Sunday, October 1, 2023

Energy shortage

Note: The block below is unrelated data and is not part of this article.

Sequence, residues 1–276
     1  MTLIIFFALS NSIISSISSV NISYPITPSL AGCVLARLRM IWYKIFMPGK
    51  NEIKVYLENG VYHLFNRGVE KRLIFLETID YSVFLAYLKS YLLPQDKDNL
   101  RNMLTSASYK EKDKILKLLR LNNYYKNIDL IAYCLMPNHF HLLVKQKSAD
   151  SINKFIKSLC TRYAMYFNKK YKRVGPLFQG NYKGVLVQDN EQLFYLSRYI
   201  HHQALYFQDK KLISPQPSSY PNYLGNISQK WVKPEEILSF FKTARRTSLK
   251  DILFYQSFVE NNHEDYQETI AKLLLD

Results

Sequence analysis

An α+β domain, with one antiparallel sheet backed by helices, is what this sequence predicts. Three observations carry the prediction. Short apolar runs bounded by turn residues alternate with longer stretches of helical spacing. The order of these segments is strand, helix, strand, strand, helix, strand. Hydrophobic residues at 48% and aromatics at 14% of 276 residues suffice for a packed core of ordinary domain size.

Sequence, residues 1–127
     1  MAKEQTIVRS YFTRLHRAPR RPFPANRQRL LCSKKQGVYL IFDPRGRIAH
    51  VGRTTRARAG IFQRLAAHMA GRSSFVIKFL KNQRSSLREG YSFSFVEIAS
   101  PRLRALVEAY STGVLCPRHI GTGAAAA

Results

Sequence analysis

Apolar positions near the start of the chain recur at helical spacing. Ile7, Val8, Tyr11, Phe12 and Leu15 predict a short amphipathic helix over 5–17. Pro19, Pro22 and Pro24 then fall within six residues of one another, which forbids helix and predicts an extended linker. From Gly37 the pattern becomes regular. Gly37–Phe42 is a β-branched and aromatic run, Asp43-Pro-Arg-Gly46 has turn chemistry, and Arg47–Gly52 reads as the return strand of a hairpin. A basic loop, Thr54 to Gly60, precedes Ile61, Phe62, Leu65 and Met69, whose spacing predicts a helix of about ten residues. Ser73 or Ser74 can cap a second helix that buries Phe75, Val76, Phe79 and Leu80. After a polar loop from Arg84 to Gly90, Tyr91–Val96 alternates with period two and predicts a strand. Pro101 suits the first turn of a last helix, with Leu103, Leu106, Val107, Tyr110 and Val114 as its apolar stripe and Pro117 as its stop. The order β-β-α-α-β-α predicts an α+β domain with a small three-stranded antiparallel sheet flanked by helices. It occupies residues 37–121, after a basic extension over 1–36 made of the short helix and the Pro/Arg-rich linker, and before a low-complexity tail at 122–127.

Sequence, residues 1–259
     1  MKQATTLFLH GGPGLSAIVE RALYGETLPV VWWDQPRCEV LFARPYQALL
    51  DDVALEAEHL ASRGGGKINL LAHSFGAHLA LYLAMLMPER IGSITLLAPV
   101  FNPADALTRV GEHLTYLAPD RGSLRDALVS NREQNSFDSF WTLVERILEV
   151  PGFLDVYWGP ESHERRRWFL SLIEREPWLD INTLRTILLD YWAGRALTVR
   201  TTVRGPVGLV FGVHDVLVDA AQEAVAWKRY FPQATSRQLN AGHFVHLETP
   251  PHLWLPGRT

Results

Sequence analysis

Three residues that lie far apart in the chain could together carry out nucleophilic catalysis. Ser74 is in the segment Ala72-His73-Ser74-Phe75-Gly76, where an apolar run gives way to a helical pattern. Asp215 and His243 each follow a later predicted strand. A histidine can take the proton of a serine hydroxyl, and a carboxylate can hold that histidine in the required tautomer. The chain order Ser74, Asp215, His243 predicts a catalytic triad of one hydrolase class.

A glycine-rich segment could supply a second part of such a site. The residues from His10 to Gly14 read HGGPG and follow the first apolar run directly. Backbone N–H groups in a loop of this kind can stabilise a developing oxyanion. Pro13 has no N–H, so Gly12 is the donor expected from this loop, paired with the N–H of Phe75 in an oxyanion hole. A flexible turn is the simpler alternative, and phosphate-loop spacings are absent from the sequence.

It is the typical phenomenon in Nagaland. When harsh weather come calling, the state’s power department cuts a sorry figure in reaching the demand and the need of the people. With mercury rising rapidly (nearly 40 degree centigrade as on May 31), our people, particularly those living in Dimapur, Niuland and Chumukedima districts, appear to be headed for yet another dark and sweaty summer with long hours of power curtailment despite many promises. With the fate of the urban areas not very promising, the plight of those in rural areas is difficult to speculate. During summer, power scarcity has become a regular phenomenon in these three districts like elsewhere across the state in the wake of widening gap between the demand and supply. Yet it is the total absence of a viable plan to streamline the supply of available power judiciously and in fair manner, which adds to the mess and triggers people’s ire against the government of the day. Indeed it is rightly said that nothing moves along a straight line in our part of the world. Men and matters take all sorts of convoluted routes with the result that problems usually do not get resolved; they get multiplied. Raging public controversy caused by irrational distribution of energy (power) in the state is a typical example of how manageable things are so easily made unmanageable simply for want of common sense or willful neglect; or both. Since this game involves huge money all along the line there is thriving corruption, which, in turn, breeds a vested interest in perpetuating mismanagement at the expense of the consumers. There is no doubt that Nagaland suffers from acute and growing energy shortage. This by itself is an irony, considering the state’s known rich sources of power production have not been tapped. Increasing gap between supply and demand reveals a chronic faulty approach. Energy shortage has been increasing year after year and existing system of distribution has also been deteriorating even while it was being expanded, mainly for political reasons. The problem arises out of a simple and straight question: How much is the actual shortfall between availability and the demand for energy and what is the rationale adopted to manage this shortage? Managing shortages involves practical thinking, which is very much within human competence. Thanks to political shortsightedness of successive rulers, power shortage is an endemic problem in Nagaland. Some previous governments were, however, able to work out a fairly satisfactory distribution arrangement with least possible inconvenience to the consumers. But like in every other sphere of public administration, successive governments have been found wanting in coping with the power shortage. It has been resorting to gimmickry rather than applying its mind to work out a rational load shedding schedule. The erratic schedule of load shedding by the power department show how serious matters are being dealt with in a non-serious manner. Passing the buck from one to the other agencies has not worked in the past and, for sure, it is not going to work in future. Consumers are being held to ransom. Domestic consumers are the worst hit at a time when climatic conditions are extremely hostile. And it is bound to get worse in the coming days. The least that the government could have done to mitigate the sufferings of consumers was to follow the ways and means adopted by previous regimes. There is still time to do that instead of riding high horses and selling misleading dreams. The government should take the issue seriously, discuss it purposefully and come out with immediate action plan to manage the energy shortage. Clearly it is time for some introspection and realization that there is something seriously ailing with the power supply system that calls for drastic short term and long term over hauling. While short term steps call for revamping the corrupt and complacent system, the long term steps call for better, more feasible and reliable power generation systems that are effective and cost effective rather than raving and ranting about the big white elephantine power projects which eventually land in the kitty of the power grids, leaving the state even poorer, besides also creating ecological problems.